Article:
JAMES: I debated about bringing a Riesling, because I figured everyone would bring one. Sommeliers have long geeked out on Riesling, because it’s so complex and so varied. This one is extremely intense. On the palate it is slightly sweet with notes of pineapple and a slight resin overtone. On the nose, it doesn’t give a hint of the residual sugar, even though it’s a Spätlese [late harvest] wine.

How do you decide when it’s time to bring on an unusual new wine region?

PHILLIPS: On one menu, we called it “The Wines of Consequence,” and it was a catch-all category. Slowly, some of them, you bring into their own category.

JAMES: South Africa, for example, has always been this question mark. Fifteen years ago, what we could get in the U.S. wasn’t that palatable; now we can get the good ones.

HARMON: South Africa still hasn’t found themselves.

BURKE: We’re all impatient for them to do it. There are so many things waiting in the wings.

Has the position of sommelier gained some “cool cred” the way chefs have?

JAMES: In the old days, the story goes, they would take the meanest person in the restaurant and relegate him to the wine cellars, making him the sommelier. That stereotype really began to change in the late ’80s and early ’90s. It’s become a young profession, and that’s fantastic. The downside has been that, because of the astronomical growth of places with wine programs, at times there have been more jobs than sommeliers to fill them. Sometimes people get moved up prematurely.

O’BRIEN: I support the recognition of sommelier as a hip profession and the industry getting younger and more diverse. But sometimes a young sommelier can study hard and meet the academic standards, and still need time on the floor.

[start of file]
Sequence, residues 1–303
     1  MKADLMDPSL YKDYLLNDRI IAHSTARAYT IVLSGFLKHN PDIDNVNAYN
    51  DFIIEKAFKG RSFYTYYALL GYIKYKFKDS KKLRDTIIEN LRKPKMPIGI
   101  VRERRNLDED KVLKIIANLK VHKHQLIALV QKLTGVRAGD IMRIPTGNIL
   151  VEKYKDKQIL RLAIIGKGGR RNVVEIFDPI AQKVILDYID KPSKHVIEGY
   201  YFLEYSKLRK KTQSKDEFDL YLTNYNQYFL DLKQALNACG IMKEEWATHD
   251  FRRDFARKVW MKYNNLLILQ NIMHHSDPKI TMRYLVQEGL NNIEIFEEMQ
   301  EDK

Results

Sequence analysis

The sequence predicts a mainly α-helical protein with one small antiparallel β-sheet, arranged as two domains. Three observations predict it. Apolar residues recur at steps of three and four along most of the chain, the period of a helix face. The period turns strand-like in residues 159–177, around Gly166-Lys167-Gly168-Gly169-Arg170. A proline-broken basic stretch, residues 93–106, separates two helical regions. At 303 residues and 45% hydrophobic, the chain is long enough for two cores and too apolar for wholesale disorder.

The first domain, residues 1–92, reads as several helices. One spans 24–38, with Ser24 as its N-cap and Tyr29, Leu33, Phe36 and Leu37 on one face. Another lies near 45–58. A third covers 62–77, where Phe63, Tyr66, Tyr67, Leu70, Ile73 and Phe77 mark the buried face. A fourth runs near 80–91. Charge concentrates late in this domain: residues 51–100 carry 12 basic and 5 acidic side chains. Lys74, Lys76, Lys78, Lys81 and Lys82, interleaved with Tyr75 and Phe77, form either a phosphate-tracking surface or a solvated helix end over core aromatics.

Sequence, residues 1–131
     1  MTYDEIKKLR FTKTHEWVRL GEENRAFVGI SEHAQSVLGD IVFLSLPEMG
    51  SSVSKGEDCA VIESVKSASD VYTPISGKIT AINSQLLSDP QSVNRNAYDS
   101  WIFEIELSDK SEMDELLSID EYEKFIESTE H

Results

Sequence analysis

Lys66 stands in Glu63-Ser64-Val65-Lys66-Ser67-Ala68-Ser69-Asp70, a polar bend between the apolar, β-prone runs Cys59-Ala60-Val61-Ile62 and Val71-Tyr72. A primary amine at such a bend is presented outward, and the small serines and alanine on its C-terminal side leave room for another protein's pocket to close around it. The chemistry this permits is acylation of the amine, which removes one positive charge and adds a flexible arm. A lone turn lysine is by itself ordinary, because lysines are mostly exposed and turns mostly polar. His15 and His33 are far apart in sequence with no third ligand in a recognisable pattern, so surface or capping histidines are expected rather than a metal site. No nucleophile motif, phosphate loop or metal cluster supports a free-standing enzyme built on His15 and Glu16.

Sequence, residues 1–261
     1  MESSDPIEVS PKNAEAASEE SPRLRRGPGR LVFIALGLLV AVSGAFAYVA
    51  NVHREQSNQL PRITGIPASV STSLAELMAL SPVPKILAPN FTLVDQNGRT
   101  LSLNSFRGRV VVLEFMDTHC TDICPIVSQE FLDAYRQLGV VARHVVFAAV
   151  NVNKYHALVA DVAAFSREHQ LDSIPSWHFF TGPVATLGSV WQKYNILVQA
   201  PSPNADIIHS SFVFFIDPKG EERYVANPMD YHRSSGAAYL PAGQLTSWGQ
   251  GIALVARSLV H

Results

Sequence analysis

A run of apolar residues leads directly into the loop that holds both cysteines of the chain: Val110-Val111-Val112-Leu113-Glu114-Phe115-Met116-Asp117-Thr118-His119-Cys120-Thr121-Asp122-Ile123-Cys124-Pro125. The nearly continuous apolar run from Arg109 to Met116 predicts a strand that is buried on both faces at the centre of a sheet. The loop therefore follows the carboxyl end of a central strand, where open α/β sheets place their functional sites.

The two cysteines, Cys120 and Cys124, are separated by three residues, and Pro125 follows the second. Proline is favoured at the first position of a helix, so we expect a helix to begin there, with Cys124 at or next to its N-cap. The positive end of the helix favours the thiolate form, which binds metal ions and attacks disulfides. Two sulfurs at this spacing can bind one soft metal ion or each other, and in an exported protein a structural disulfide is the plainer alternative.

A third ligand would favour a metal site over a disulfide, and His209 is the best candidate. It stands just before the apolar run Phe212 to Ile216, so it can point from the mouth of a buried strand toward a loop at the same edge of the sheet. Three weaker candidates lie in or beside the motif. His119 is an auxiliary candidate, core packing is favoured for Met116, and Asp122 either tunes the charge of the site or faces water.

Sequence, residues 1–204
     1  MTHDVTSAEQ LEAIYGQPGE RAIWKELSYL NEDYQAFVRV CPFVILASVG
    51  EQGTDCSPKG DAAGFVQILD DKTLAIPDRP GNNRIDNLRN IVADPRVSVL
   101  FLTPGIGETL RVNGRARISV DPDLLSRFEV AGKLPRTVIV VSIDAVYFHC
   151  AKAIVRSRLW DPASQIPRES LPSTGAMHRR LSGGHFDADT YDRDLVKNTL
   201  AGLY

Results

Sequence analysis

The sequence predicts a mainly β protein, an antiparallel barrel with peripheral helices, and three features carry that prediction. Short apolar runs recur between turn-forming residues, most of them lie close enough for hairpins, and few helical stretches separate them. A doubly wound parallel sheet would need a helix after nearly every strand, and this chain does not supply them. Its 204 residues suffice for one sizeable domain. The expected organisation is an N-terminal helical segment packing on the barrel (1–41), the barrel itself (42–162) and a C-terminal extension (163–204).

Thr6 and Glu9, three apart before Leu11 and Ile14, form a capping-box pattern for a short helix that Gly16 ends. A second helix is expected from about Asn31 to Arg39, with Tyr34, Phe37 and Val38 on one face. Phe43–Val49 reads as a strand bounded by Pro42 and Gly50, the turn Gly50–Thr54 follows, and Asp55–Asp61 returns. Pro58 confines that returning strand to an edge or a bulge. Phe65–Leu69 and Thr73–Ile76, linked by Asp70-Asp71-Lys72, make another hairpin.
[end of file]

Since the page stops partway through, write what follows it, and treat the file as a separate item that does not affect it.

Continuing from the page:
Jason Smith presents 2006 Domaine Perrot-Minot Morey-Saint-Denis, 100 percent Pinot Noir, about $160 on wine lists.

SMITH: The wines of Morey-Saint-Denis possess the power and silkiness you want in Burgundy, but Perrot-Minot creates a modern style, so it can be a good introduction for those who like Oregon or California Pinot Noirs. A great joy of Burgundy is its complexity; it’s like you have 10 different wines in one glass. The nose on this is earthy, with essences of ripe dark fruits and fresh clean dust. The mouth has great tannic structure and very generous spice.

Larry O’Brien presents 2006 Kendall-Jackson Highland Estates Taylor Peak Merlot, Bennett Valley, California, about $115–$125 on wine lists.

O’BRIEN: Why Merlot? Because I’m sick of everyone coming down on it. Our job is to give the people what they want but also let them know what they might be missing. This is a single vineyard wine from the cooler side of Knights Valley in Sonoma. It marries Old and New World styles, with dense California fruit counterbalanced with bright, Old World acidity. It’s food-worthy, versus, say, a trophy Cabernet that may have no affinity for food.

How do you prepare a wine list for an audience that is as diverse as Las Vegas’s?

O’BRIEN: It’s always been about balance. I build a shell menu: How many Chardonnays do you want? What’s the price range? Ideally, there’s something for everyone on the menu, including myself.